Some of the failures, well, I cut out parts that I liked. I am sure they will come in handy for some other project down the line.
Monday, June 11 – I spent a lot of the day doing poetry work, so I had just about an hour to fit in some art time. I had this half-hearted attempt at a tree painting (6″ x 6″) that was really more of an excuse to use up paint from earlier projects.
Suddenly I saw a man in my tree.
And another one in that ATC. OK, now I’m going somewhere. To be continued…
I also did a couple of drawings for my Minuscule book project. I’ll say one thing – I anticipate using up a lot of paper. I try to remember – relax, and just work quickly and without thought. Secondly, not to try to be realistic in my depictions – it’s not in my nature. And last, the brush has its way of doing things, don’t fight it.
I did a couple of new images (one with two different versions; I’ll pick one later on) and re-did one from the other day I was not satisfied with. I have the feeling there will be many re-dos but you know, I don’t mind it. I’m in no hurry. And setting myself this kind of assignment, to illustrate this book, well, it will build my skills.
Wednesday, June 13 – Today I thought I’d get into some clay – just sort of play around with it. I got out my 25 pounds of terracotta:
It’s very fresh and wet. I rolled out a couple of slabs.
I had only a short time before I was going to leave the house, so I made a few cylinders, wrapping a slab around and joining the edges.
I worked on a figurine or two.
Then I loosely covered the works with plastic (dry-cleaning plastic, the workhouse material of clay artists everywhere) and went off to the gym. In the summer, my basement is very cool and while not damp, it dries items slowly (in winter, the heater and the drier air make a difference in this room). I probably did not need the plastic but it is better to be safe. You cannot un-dry clay.
In the afternoon, I refined my earlier pieces and added some more. Individual shots:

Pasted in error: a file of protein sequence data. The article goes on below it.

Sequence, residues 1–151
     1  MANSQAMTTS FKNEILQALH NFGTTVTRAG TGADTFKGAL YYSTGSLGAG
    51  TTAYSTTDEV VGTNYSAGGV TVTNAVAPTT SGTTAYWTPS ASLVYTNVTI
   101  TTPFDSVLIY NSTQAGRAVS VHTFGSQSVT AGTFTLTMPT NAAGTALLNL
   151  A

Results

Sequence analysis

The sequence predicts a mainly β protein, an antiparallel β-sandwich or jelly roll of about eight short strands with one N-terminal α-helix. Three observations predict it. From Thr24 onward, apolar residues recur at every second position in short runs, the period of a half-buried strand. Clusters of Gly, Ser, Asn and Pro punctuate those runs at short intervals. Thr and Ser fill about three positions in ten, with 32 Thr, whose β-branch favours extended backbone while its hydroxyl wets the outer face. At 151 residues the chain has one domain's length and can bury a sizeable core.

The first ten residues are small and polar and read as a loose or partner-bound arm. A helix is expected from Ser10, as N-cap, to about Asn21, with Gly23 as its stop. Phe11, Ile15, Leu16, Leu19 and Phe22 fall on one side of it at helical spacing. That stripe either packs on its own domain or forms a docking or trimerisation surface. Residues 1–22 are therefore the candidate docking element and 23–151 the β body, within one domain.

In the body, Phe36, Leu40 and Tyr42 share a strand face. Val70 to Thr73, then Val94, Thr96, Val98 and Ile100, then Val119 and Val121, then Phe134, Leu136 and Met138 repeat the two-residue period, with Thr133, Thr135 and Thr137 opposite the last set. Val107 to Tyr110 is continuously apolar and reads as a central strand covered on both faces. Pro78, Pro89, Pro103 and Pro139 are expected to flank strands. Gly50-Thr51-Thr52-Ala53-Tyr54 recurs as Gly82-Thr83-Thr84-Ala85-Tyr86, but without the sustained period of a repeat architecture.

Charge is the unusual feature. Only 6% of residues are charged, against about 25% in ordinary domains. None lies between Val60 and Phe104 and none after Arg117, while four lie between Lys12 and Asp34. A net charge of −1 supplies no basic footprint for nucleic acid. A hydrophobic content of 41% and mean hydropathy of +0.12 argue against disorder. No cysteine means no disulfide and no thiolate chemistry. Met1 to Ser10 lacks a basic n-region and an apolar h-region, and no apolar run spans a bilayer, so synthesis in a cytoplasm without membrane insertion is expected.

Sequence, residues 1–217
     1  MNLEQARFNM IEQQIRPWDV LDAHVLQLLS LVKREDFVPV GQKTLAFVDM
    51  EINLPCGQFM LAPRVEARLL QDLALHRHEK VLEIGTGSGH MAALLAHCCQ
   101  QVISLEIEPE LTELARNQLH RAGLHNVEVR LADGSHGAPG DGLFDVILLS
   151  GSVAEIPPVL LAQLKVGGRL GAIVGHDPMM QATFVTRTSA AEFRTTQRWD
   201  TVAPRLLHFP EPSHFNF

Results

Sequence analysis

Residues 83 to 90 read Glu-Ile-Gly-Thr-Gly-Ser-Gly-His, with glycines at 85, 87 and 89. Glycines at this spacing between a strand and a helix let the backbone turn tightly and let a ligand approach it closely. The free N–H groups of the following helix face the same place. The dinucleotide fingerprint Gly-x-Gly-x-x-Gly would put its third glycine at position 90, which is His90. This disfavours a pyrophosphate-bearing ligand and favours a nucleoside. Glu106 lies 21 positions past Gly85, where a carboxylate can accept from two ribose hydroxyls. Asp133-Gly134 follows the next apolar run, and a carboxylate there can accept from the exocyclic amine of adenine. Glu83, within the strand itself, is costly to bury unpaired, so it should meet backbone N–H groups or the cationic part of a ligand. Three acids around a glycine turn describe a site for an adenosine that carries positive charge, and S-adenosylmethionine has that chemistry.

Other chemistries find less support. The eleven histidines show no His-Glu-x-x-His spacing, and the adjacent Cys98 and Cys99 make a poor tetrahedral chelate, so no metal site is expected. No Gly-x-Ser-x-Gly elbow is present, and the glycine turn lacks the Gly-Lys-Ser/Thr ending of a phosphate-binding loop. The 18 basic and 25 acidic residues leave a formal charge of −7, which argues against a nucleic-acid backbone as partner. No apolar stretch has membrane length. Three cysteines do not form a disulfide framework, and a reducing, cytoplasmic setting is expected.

and a group shot.
Notice in the background of the previous photo the clay cylinder with a dowel running through it supported at each end. I have set this contraption up so that the cylinder can semi-hang from the dowel (it just touches the table) and maintain a more rounded shape until it stiffens a little. I can’t make anything with it until it can stand up on its own.
OK. I left these guys to their own devices and I got out new tools I bought on Saturday.
What are they? They are tile cutters. You roll them through the slab, then cross the slab, to make the tiles. I read up on their use before I tried them. Interesting thing – you can use them on the clay, straight, to make tiles with sharp angled sides, or you can roll over plastic to make rounded edges. I thought I’d try the plastic option.
I got some nice results right off the bat. I learned a couple of things. One, things work better when the clay is just not so fresh – let it dry a little and firm up. This reduces the distortion that can happen when the criss-crossing is done.
Two, move slowly and make sure you follow the previous track carefully so as not to double-cut an edge. Three, make sure you take off at a 90-degree angle when you criss-cross, to make certain of square tiles.
I’ll let these firm up a little and tap their edges to re-square them, but I really like the look of them.
Interesting note – if you roll the rollers directly on the clay, it sticks. The recommended treatment is cooking spray on the roller. I will try that next time.
Once I finished up with clay, I went back to painting black edges on paintings…
Friday, June 15 – This morning I set out all my paintings for review, for two reasons. One, I’ll be at a show this weekend, and I needed to decide which ones to take.
The show will be held in a park and my booth will have all sides available for display, but the car can only fit so much work. So, I had to make some decisions.
Second, I needed to make an inventory of paintings that I will take to my upcoming gallery exhibit in July so that the organizers can make price cards and so on. Not all my work will be hanging but this way, they can make choices what to display without saying – Oh no, we have no information for this piece so it sits out the game!
My clay work is drying very slowly in the basement. I plan to work on it a little, if time permits. In that case I will show what happens in next week’s Diary. I thought I’d get this one done early today because I have a variety of non-art things to get out of the way. So that’s it for this week!
See you next week! Thanks for following along with me.